President Obama Backs FCC Push To Force Competition In Cable TV Box Market

Much to the chagrin of cable TV providers that profit from leasing out set-top boxes to customers, the Obama administration joined the Federal Communications Commission in pushing for changes that would give consumers the option of buying less expensive third-party boxes that would offer full functionality with their TV service.

At the beginning of the year, FCC Chairman Tom Wheeler issued a proposal that would do exactly that. The FCC ultimately approved the proposal by a 3-2 vote, which kicked off a 60-day "information-gathering process" to give the FCC and cable providers a chance to work out the details on how to implement the proposal.

Set-Top Box

"You could have a set a standards such that anyone could connect any box to their cable and those boxes could compete for lower prices and greater innovation," Jason Furman, chairman of the Council of Economic Advisers, told reporters in a teleconference, according to Reuters.

That's exactly what the FCC is trying to do and what the Obama administration is supporting. Cable companies pull in big bucks by leasing out set-top boxes—fees can add up to almost $1,000 per customer over a four-year period, depending on the leasing agreement.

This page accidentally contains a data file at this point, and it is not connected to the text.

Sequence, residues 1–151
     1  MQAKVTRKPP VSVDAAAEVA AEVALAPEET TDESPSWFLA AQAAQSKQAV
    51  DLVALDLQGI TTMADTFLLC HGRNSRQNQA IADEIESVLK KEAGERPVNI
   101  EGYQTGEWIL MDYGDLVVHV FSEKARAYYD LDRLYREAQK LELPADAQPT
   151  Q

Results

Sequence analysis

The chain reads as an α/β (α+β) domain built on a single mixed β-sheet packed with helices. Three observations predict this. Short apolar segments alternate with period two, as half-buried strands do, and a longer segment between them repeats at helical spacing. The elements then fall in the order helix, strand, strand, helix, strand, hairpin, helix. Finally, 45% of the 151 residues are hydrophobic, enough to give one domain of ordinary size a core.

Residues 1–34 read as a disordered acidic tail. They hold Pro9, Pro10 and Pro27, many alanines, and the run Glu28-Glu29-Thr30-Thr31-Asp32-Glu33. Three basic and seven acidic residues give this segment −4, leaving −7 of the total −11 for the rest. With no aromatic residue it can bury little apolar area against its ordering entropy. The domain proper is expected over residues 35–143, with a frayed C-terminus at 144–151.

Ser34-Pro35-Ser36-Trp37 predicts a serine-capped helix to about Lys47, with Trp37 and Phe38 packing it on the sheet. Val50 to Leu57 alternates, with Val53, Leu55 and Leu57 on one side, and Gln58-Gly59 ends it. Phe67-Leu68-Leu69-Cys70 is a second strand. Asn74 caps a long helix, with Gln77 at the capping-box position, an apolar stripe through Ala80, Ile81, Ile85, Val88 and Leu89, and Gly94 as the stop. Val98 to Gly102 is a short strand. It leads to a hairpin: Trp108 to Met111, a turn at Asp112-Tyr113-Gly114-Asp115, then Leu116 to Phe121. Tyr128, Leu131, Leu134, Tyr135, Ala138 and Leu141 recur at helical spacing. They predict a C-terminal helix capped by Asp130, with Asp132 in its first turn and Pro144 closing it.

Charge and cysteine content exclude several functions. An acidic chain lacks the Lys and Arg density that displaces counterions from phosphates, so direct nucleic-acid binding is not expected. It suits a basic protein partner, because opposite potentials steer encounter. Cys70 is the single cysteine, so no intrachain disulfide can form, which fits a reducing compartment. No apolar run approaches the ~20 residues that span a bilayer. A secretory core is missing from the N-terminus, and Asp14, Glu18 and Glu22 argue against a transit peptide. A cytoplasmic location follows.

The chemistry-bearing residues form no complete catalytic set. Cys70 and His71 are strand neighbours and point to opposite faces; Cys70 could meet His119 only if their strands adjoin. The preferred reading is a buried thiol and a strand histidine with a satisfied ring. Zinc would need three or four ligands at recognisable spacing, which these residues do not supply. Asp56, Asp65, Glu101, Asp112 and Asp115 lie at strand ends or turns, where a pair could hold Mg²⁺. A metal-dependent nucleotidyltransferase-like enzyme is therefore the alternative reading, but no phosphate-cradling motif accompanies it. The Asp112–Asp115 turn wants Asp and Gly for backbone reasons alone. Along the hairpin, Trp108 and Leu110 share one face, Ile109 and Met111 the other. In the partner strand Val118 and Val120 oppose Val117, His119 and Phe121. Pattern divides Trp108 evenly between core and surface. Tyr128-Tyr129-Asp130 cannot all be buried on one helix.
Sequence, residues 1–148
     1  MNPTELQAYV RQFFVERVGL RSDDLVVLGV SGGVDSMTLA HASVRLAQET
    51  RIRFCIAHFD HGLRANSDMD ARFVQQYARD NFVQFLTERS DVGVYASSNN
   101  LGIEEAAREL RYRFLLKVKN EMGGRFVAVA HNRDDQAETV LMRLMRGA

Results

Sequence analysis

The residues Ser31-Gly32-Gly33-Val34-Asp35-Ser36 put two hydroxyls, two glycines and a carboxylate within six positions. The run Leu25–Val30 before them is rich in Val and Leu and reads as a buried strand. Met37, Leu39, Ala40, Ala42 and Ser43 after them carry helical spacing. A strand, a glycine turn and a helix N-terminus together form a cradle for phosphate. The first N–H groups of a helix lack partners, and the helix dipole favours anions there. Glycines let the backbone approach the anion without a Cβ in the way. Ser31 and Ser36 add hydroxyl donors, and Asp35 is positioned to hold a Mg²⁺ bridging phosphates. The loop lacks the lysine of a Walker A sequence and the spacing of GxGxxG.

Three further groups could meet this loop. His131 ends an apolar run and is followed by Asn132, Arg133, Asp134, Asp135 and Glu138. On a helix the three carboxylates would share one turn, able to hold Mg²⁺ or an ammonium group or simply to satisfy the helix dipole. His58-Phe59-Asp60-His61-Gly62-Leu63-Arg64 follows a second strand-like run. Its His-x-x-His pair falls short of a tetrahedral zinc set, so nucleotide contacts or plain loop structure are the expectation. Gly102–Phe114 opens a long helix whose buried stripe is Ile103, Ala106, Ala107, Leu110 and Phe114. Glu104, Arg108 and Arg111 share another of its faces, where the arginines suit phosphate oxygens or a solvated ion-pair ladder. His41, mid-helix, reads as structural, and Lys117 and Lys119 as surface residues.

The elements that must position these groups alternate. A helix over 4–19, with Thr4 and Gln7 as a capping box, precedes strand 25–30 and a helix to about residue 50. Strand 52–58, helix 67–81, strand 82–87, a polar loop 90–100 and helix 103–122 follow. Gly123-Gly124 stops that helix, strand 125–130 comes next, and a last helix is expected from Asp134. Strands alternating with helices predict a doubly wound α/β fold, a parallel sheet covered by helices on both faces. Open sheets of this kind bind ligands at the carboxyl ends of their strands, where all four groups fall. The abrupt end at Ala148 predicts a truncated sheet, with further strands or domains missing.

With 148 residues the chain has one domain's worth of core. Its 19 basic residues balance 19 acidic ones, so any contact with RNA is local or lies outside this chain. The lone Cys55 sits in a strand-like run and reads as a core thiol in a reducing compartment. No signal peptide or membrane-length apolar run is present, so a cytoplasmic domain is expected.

The new rule would allow companies such as Amazon, Apple, Roku, and others to supply set-top boxes that are compatible with cable TV services. Pay-TV providers would be required to deliver three specific streams to third-party boxes, ones that would include information about what programming is available to the customer, information about what a device is allowed to do with content (such as recording), and the video programming itself.

These streams wouldn't be controlled by a government mandate, but in a format that would be set forth by an independent open standards body.

Cable companies are vehemently opposed to the rule. According to Michael Powell, head of the National Cable & Telecommunications Association, the rule would hurt minority programmers, put customer privacy at risk, and lead to inflated costs related to network upgrades to support the mandate.

It's not clear if the rule will take effect before Obama leaves office in January.